I caught my train at Gare de Beaune at 12:31 pm. I placed my blue luggage on the rack, opened my laptop and carefully put the wine case under my seat. I had been travelling over the last few weeks between Pommard and Zurich. I had been working on an exciting project with an amazing team. I felt exhausted after an intense week of work but as tired as I was, I felt extremely happy with my latest adventure. On my way back, I started sending emails to get some work done. However, the wi-fi was weak and I had to give up after few minutes. When I noticed that my phone was also out of charge, I closed my mailbox and I turned on one of my favorite scenes from Coffee and Cigarettes staring Taylor Mead and Bill Rice. (Here, if you haven’t watched it) I looked out of the window and started thinking about this beautiful place: Burgundy.
B: Are you all right Taylor?
T: Not really.
B: What’s up?
T: I don’t know. I feel so divorced from the world. I’ve lost touch with the world.
Burgundy did not look like any place in the world, I thought. It did not look like any wine region I had ever been to. I tried to understand what makes this place so special.
T: Do you know that song, by Mahler? “I’ve lost track of the world.”
T: It’s one of the most beautiful saddest songs ever written. I can almost hear it now. Can you hear it?
I could hear the song, with its original name: ‘Ich bin der Welt abhanden gekommen’. I thought Burgundy is actually a place where one can lose track of the world. The vineyards lie along the roads. If there are no vines, then one sees the yellow rapeseeds. It is not a sad place though. Burgundy is quite, proud but unpretentious and purely beautiful. The villages have their own small restaurants, boulangeries, chocolatiers or charcuteries. In some villages like Meursault or Pommard, one will have a wine bar to hang out in the evenings or a coiffeur to get a haircut.
T: It’s gone now, did you hear it?
B: I think so.
T: It resonated right to the whole building. Where are we?
I was leaving Dijon. Leaving the lovely region behind me. I felt hungry. The dry sandwiches are the only options in TGV. I started thinking about the delicious food we had been eating over the last days in Burgundy. We had visited many high-end restaurants in/around Beaune and tasted many local dishes paired with a glass of Pommard, Meursault, Puligny-Montrachet. I very much like the fact that all of these restaurants are very modest and one doesn’t need to dress up to eat there. They are mostly small and cosy places with friendly staff. One can enjoy the delicious chicken made by Johan Björklund at Bistro de l’hotel or veal chops at Ma Cuisine with hundreds of wine choices. It’s really the definition of heaven.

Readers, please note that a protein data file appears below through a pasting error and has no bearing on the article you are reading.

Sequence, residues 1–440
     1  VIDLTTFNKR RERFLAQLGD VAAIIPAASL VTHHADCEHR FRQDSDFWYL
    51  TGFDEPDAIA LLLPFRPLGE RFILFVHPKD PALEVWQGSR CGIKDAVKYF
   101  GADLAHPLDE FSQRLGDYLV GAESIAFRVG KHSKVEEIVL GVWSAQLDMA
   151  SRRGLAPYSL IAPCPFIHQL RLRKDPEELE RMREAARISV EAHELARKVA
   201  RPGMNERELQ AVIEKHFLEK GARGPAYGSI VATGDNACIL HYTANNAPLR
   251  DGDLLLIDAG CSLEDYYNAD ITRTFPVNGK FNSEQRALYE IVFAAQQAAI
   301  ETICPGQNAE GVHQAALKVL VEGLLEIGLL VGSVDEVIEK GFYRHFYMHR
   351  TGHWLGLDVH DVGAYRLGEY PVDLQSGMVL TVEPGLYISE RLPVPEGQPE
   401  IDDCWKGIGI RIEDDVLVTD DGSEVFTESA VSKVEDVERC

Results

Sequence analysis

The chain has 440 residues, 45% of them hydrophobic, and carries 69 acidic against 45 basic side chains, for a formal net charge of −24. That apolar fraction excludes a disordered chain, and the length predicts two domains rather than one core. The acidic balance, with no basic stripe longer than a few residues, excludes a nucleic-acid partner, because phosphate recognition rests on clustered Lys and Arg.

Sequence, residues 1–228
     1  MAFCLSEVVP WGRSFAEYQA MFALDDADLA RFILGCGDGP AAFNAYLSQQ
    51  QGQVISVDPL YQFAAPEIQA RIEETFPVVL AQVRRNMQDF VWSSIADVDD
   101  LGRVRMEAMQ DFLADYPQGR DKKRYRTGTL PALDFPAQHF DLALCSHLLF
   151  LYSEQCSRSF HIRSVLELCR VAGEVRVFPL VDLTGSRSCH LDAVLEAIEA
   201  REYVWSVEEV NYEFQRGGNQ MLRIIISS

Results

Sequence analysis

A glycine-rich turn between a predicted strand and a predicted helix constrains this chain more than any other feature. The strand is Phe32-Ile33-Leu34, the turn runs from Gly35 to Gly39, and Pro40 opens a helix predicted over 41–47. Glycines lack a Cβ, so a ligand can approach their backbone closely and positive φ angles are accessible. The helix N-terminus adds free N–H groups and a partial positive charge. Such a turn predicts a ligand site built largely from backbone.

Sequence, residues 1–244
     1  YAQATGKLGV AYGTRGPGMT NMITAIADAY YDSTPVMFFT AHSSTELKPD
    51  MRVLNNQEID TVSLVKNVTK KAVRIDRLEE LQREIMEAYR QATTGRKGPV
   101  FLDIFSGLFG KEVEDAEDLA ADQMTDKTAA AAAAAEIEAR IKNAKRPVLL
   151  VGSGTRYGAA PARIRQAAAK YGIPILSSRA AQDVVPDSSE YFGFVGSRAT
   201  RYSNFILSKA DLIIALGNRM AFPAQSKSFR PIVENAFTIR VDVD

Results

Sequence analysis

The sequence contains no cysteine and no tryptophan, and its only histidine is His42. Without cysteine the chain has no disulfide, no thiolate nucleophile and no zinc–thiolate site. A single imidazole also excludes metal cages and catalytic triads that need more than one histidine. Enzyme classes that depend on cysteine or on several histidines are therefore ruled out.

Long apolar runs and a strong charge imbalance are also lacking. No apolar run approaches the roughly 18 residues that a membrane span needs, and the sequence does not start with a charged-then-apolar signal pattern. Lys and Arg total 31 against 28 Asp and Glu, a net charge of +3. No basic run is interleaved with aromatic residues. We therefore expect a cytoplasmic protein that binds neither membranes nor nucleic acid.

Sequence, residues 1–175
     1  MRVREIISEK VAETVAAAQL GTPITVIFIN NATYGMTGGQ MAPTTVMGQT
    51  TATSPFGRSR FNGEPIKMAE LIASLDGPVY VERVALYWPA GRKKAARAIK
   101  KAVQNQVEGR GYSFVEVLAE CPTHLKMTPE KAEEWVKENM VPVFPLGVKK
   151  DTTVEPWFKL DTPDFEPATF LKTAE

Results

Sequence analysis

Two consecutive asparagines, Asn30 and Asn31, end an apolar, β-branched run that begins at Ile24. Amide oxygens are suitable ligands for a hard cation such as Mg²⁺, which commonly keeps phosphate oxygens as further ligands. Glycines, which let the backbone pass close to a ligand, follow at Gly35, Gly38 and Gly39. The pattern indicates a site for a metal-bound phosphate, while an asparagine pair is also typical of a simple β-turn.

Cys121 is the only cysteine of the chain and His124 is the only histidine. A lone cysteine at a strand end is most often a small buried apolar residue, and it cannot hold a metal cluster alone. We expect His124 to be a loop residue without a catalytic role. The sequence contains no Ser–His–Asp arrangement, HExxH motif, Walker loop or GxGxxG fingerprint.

B: Nicola Tesla perceived the earth as a conductor of acoustical resonance.
T:I have no idea what you are talking about. Could you explain it to me?
B: No, not really.
It was not easy to explain the nature of Burgundy to those who have never been there. One would certainly know that it’s one of the important regions that make wines to express the terroir. There isn’t a better grape variety than Pinot Noir to reach this goal. It’s one of the most transparent varieties in the world that reflect the land, the climate and the vintage. The worlds best Chardonnay’s come from Burgundy as well. However, no one speaks about the grape here. It is all about the villages and the vineyards. People are aware of the style of un-oaked mineral flavors of Chablis or oak aged fleshy and fruity nutty flavors of Côte de Beaune.
The trade structure of Burgundy is also not very easy to understand. Following the French Revolution, church’s remaining vineyards were divided and distributed to grape growers. Some of the farmers owned one or two rows of vine. This created a highly segmented system. However, since then the farmers were not focused on winemaking. Therefore, négociants emerged to buy grapes from grape growers in order to produce wines. Today, this system still continues. Some of the négociant own vineyards as well. However, there are some talented winemakers who own vineyards and/or buy grapes. These are more small-scale artisan wineries that have been gaining reputation over the last decade.
T: I know, let’s pretend this coffee is champagne.
B: Why do we do that?
T: Well, to celebrate life. Like the rich elegant people do. The classy people.
B: I prefer coffee. Simple working mans coffee.
I thought; Burgundy is neither like champagne, nor like a coffee. It actually carries something from both. Burgundy is about seeing the elegance in simplicity. Burgundy is classy; it has nothing to do with show-off. It is about celebrating the beauty of the nature itself. It is about appreciating lovely misty mornings, people who are cycling between the villages and sharing delicious food among friends.
T: Do you know what your problem is?
T: You have no joie de vivre
T: No besides this coffee is awful.
T:I propose a toast.
B: So what should we toast
T: Oh God, Paris, in the 1920’s, Josephine Baker, Moulin Rouge. Qu’est-ce que c’est…Ca va…
B: And also New York in the 70’s, in the late 70’s
T: Really, All right.
B: Delicious isn’t it?
Well yes, Burgundy is certainly delicious and produces the finest Pinot Noir’s in the world. There is a lot to say about the changes and challenges in Burgundy but as my wi-fi was finally back I had to leave this Wonderland and get back to work.